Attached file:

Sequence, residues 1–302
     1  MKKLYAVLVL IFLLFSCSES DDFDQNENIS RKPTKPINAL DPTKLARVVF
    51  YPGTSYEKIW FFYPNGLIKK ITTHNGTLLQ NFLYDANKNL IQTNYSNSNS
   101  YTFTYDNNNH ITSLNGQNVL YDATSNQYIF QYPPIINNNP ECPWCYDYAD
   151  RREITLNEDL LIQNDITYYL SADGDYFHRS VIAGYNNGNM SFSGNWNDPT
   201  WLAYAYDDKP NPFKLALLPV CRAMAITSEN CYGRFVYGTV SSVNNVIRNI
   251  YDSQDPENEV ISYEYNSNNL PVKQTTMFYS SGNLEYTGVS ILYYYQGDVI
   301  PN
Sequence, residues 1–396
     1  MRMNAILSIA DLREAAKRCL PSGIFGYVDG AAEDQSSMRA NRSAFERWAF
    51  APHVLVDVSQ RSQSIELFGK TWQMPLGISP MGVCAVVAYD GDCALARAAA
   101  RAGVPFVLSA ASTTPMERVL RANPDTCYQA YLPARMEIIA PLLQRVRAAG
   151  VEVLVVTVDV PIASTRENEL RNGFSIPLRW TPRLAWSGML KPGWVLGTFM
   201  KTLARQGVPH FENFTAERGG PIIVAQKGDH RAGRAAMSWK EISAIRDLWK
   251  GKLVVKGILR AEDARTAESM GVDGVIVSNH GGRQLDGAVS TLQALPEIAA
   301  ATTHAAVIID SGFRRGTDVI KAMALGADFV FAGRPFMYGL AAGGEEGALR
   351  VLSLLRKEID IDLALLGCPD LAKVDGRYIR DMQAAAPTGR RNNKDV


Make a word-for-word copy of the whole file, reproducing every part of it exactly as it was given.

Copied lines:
Sequence, residues 1–302
     1  MKKLYAVLVL IFLLFSCSES DDFDQNENIS RKPTKPINAL DPTKLARVVF
    51  YPGTSYEKIW FFYPNGLIKK ITTHNGTLLQ NFLYDANKNL IQTNYSNSNS
   101  YTFTYDNNNH ITSLNGQNVL YDATSNQYIF QYPPIINNNP ECPWCYDYAD
   151  RREITLNEDL LIQNDITYYL SADGDYFHRS VIAGYNNGNM SFSGNWNDPT
   201  WLAYAYDDKP NPFKLALLPV CRAMAITSEN CYGRFVYGTV SSVNNVIRNI
   251  YDSQDPENEV ISYEYNSNNL PVKQTTMFYS SGNLEYTGVS ILYYYQGDVI
   301  PN
Sequence, residues 1–396
     1  MRMNAILSIA DLREAAKRCL PSGIFGYVDG AAEDQSSMRA NRSAFERWAF
    51  APHVLVDVSQ RSQSIELFGK TWQMPLGISP MGVCAVVAYD GDCALARAAA
   101  RAGVPFVLSA ASTTPMERVL RANPDTCYQA YLPARMEIIA PLLQRVRAAG
   151  VEVLVVTVDV PIASTRENEL RNGFSIPLRW TPRLAWSGML KPGWVLGTFM
   201  KTLARQGVPH FENFTAERGG PIIVAQKGDH RAGRAAMSWK EISAIRDLWK
   251  GKLVVKGILR AEDARTAESM GVDGVIVSNH GGRQLDGAVS TLQALPEIAA
   301  ATTHAAVIID SGFRRGTDVI KAMALGADFV FAGRPFMYGL AAGGEEGALR
   351  VLSLLRKEID IDLALLGCPD LAKVDGRYIR DMQAAAPTGR RNNKDV